Thursday, December 15, 2005

War on Drugs Hits the Geriatric Crowd

In Appalachian Kentucky. Why? "When a person is on Social Security, drawing $500 a month, and they can sell their pain pills for $10 apiece, they'll take half of them for themselves and sell the other half to pay their electric bills or buy groceries," Floyd County jailer Roger Webb said.

Sickening. Some days you wonder if this country has completely lost its collective mind. Don't help her buy food or subsidize her electric bill. Arrest her and toss her in jail, where the taxpayers can pay for all of that, plus her healthcare costs. We're talking about an 87-year old defendant.


jdallen said...

What's funny/odd about the whole thing is that the drugs don't do squat. When I had an operation a year or so ago, I had a prescription for hydrocodone, which, I hear, is in fairly high demand as a street drug. I tried them for pain, and got little or no relief. I doubled and tripled the dosage and got neither pain relief or any "high" - and I should know, podnah.

I can't figure it. Why do they want crappy drugs like that, when they can get whatever else (and much "better" dope) they want relatively easily?

Anonymous said...

this is the most messed up thing i have seen in a while..

btw, JD... hydrocone does do something.. it just might not do much to you.. different people react differently to drugs.. for instance, most people get addicted to crack, but for some people it is never a problem..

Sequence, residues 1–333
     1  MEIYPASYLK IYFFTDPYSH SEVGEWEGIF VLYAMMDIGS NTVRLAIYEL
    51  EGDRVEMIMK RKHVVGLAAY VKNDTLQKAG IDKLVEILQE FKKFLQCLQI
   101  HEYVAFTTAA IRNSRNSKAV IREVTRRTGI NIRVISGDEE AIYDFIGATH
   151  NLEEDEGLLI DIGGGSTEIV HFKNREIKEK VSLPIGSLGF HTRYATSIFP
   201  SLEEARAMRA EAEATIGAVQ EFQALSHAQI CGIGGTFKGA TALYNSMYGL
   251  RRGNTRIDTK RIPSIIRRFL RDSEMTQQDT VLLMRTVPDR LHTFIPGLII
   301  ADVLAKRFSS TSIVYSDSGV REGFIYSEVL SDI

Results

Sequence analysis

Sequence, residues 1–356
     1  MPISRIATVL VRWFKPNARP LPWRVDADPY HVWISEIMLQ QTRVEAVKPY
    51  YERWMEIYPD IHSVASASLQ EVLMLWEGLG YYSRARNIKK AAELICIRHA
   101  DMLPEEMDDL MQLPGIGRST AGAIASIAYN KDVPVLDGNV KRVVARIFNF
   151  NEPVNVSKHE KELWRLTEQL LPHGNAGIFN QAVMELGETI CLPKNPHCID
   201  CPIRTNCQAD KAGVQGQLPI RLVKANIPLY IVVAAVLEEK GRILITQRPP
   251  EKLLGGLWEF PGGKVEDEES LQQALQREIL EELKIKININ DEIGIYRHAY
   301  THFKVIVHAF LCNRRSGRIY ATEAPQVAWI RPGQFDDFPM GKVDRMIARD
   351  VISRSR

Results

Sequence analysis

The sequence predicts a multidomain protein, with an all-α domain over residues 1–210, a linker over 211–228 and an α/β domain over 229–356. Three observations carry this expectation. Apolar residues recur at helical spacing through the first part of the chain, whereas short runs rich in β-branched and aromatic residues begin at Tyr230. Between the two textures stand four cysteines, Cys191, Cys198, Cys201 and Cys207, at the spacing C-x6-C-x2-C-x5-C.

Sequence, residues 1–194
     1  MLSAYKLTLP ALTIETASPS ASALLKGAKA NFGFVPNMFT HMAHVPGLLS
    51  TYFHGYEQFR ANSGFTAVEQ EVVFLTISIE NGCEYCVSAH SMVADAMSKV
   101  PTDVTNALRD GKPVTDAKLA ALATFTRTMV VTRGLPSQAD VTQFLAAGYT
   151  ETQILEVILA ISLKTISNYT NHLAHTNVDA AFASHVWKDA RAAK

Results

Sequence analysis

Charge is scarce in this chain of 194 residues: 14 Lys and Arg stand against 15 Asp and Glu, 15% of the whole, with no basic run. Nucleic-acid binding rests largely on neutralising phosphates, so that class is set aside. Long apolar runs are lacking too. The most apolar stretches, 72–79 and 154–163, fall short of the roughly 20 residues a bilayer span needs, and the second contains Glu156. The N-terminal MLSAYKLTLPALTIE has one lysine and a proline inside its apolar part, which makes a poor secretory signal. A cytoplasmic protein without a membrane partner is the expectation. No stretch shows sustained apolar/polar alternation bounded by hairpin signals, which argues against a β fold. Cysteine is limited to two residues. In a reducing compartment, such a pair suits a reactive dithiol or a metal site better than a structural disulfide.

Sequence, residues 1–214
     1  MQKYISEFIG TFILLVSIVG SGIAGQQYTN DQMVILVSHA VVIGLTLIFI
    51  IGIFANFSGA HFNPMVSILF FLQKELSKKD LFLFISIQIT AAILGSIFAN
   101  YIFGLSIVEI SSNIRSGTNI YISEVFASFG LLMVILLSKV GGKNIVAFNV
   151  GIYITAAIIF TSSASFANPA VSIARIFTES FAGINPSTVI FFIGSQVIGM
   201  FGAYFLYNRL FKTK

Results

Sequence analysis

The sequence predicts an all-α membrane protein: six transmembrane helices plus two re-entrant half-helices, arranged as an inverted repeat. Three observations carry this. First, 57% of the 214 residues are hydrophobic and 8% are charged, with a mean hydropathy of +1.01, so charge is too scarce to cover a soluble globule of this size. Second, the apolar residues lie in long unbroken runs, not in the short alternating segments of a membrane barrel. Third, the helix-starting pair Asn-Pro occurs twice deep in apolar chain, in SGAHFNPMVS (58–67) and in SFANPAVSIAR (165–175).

Anonymous said...

and "more than forty of the defendants were over 60."

Did it ever occur to anyone that these Senior citizens sold drugs that were prescribed and purchased legally.

The source was a pharmacy and stopping the source, in some way, is cheaper and more effective than this.

Oxycontin is regulated all over the U.S. so ask yourself; why did "addicts" pick the mountains and senior citizens in the mountains to get oxycontin?

Sounds like an isolated enterprise started by a senior citizen that ended up "snitching" on the folks he originally organized at the nursing home.

The "snitch" came up with the idea, organized the group, profited from it, showed others how to do it, expanded it; then helped authorities easily undo in reverse what he/she did.

It's shameful and embarrassing but not unexpected. Those forty arrests will be logged by all of the participants in the task force (local, state, and feds) as "drug arrests" nothing else.

Arresting 40 defendants sixty years or over wasn't well received but it's a speed bump. In a month, it's still counts as forty drug arrests; nothing else.